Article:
Longitudinal research on alcohol consumption, alcohol use disorders, and heavy episodic drinking often uses latent growth modeling analysis (GMA) and growth mixture modeling (GMM) to examine pathways to alcohol and drug abuse (including the risk and protective factors that predict them) or health consequences from abuse. Such studies of substance abuse trajectories are useful for understanding the etiology of alcohol and drug problems, and for informing efforts for both prevention and treatment. Examples of such prospective studies, both of which target adolescents, include NIAAA's National Consortium on Alcohol and Neurodevelopment in Adolescence (NCANDA) Study and NIDA's Adolescent Brain Cognitive Development (ABCD) Study. Both of these studies are also examples of big data?a current focus of NIH (e.g., their BD2K initiative)?in that they use hundreds or thousands of participants and are ideally suited for analyses with the GMA approach (which requires large samples). However, in spite of the widely recognized need for effect sizes and their confidence intervals (CIs) in statistical analyses, development of such statistics for findings from GMA and GMM has been limited. In our prior work, we have proposed a regression framework for effect size assessments and formulated an equation for a standardized effect size for GMA that transforms the trajectory difference into a standardized mean difference in the metric of Cohen's d, which is now widely used in the literature on randomized clinical trials (RCTs). We have also developed formulas for estimating the CI for the GMA effect size. We will first use that model to develop new statistics that fill critical gaps in our published work regarding GMA effect sizes and related statistics (e.g., SEs and CIs) for RCTs, which will provide a foundation for subsequent aims. Next, we will introduce new kinds of effect sizes for direct and indirect effects that would be useful to both GMA and non-GMA researchers examining mediation, although our secondary analyses that illustrate our methods will involve mediation in GMA. The proposed work will formulate equations for new effect sizes for GMA and GMM in different metrics, and Monte Carlo studies will be conducted to examine biases (and determine necessary sample sizes) for point estimates and CIs for the effect sizes for different types of GMA and GMM hypothesis tests commonly found in the literature. In addition, we will conduct a secondary analysis study of alcohol use data from both the current and previous National Longitudinal Surveys of Youth to examine whether, as predicted, the effects of gender and on growth, persistence, and desistance of alcohol use from the teen years into early adulthood has decreased between cohorts born 20 years apart?and to attempt to identify mediators responsible for the expected changes in effect sizes and whether mediation is moderated by other factors (e.g., ethnicity). Thus, this project would also illustrate the use of our new statistics in meta-analysis. Most important, we will publish tutorial articles to widely disseminate out derived equations for communicating the practical significance of findings from GMA and GMM.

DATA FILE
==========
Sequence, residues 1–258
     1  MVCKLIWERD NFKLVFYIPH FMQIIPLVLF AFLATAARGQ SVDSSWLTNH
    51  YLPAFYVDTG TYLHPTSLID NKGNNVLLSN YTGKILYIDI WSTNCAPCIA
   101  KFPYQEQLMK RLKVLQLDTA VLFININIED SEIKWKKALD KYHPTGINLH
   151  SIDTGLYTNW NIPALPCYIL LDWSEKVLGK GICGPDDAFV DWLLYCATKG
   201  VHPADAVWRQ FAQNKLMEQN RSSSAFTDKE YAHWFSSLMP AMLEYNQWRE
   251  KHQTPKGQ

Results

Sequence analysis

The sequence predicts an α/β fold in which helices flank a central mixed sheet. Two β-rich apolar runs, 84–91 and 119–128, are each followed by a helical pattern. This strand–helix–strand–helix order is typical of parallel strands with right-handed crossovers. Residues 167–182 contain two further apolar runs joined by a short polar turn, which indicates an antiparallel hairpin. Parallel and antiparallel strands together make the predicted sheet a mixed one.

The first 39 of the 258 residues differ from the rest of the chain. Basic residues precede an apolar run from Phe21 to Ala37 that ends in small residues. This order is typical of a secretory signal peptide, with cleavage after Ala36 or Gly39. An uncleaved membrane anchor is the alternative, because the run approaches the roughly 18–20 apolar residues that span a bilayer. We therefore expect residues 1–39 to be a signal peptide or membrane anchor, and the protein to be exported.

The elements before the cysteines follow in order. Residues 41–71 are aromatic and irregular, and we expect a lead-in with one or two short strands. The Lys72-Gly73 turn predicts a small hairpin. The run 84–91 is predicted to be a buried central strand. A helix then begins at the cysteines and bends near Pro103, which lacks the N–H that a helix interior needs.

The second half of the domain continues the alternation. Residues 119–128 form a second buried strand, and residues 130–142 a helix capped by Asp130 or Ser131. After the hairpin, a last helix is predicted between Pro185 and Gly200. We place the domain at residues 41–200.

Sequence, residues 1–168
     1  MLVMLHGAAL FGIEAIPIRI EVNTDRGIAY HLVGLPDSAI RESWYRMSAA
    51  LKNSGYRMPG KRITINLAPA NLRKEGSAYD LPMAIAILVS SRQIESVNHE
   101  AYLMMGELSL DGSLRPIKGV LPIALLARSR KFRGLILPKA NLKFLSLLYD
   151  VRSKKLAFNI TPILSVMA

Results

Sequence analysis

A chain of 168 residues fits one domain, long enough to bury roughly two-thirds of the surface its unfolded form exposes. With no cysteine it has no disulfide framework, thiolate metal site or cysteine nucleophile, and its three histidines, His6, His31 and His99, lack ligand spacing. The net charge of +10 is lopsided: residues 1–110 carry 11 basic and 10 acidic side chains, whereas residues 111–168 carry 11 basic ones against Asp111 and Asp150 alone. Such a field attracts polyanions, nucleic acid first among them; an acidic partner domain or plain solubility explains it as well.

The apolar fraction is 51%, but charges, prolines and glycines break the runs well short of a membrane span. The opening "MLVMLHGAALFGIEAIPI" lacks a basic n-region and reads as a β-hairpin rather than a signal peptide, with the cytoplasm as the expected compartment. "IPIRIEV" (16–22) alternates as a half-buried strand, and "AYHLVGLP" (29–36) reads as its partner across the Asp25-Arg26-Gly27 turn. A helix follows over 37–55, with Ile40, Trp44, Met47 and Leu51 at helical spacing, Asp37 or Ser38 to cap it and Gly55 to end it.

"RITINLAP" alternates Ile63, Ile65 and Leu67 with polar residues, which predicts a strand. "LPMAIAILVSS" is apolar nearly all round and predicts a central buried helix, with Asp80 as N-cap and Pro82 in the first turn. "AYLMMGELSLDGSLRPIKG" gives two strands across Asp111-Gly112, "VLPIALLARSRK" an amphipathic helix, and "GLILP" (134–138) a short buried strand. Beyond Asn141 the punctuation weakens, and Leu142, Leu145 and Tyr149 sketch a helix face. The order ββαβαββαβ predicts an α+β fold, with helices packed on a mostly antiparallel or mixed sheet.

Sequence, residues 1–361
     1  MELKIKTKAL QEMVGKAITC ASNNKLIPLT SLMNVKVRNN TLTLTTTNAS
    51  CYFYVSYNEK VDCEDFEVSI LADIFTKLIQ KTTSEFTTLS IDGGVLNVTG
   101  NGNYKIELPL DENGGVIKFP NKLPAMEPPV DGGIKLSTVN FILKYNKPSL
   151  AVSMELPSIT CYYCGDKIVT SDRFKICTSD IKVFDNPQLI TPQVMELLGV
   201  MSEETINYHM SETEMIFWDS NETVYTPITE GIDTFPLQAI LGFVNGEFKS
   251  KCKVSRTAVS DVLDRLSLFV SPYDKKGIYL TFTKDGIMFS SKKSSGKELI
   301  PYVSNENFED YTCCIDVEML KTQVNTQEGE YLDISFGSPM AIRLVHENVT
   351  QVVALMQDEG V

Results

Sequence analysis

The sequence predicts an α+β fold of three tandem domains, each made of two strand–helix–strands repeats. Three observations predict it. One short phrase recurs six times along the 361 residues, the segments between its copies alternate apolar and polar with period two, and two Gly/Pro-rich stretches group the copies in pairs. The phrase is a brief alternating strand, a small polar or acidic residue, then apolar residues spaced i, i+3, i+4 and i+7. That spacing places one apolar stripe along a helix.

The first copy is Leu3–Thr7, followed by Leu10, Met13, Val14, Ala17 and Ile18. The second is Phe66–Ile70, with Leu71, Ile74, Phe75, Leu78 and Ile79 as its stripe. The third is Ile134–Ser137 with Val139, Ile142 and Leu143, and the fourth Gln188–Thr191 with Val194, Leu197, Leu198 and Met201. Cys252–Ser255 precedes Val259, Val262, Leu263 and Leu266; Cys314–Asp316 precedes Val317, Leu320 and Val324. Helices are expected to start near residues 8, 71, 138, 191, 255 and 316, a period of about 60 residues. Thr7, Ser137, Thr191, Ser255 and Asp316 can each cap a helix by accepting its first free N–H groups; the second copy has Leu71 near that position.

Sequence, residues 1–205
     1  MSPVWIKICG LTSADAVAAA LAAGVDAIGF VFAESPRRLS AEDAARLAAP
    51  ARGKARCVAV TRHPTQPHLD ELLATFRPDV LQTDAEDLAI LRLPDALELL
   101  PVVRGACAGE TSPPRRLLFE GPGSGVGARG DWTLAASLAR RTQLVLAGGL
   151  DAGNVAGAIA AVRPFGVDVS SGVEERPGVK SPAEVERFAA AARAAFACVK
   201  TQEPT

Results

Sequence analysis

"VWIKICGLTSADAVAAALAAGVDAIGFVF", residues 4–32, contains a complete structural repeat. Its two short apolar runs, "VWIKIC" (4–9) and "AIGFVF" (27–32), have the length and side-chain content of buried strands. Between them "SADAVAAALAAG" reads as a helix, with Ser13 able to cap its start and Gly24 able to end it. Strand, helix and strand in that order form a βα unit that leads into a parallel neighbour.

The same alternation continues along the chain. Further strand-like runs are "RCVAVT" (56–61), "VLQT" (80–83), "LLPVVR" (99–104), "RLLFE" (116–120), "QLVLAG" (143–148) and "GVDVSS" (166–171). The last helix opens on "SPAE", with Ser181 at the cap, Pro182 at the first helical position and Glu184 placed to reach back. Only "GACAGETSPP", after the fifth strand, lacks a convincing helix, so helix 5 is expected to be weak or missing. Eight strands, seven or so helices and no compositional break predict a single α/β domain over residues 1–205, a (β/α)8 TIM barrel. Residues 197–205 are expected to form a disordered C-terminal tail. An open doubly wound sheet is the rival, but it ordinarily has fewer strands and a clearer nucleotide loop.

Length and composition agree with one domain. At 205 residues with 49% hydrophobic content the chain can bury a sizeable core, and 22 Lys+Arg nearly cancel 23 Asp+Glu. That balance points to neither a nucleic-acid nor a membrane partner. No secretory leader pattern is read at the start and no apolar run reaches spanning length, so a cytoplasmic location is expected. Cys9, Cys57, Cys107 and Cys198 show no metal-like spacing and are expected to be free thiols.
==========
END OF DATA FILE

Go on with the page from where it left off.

Alcohol use is extremely costly at the personal, family, community, and national levels, and it is associated with early mortality. Alcohol abuse/dependence is the most common of all DSM disorders for men and may be for women as well. The proposed work will develop new methods for analysis of the effects of risk factors for growth in alcohol use and conduct a secondary analysis of data from the National Longitudinal Surveys of Youth that will shed new light on the persistence and desistance of problematical alcohol use from the teens into early adulthood while illustrating the use of new methodology.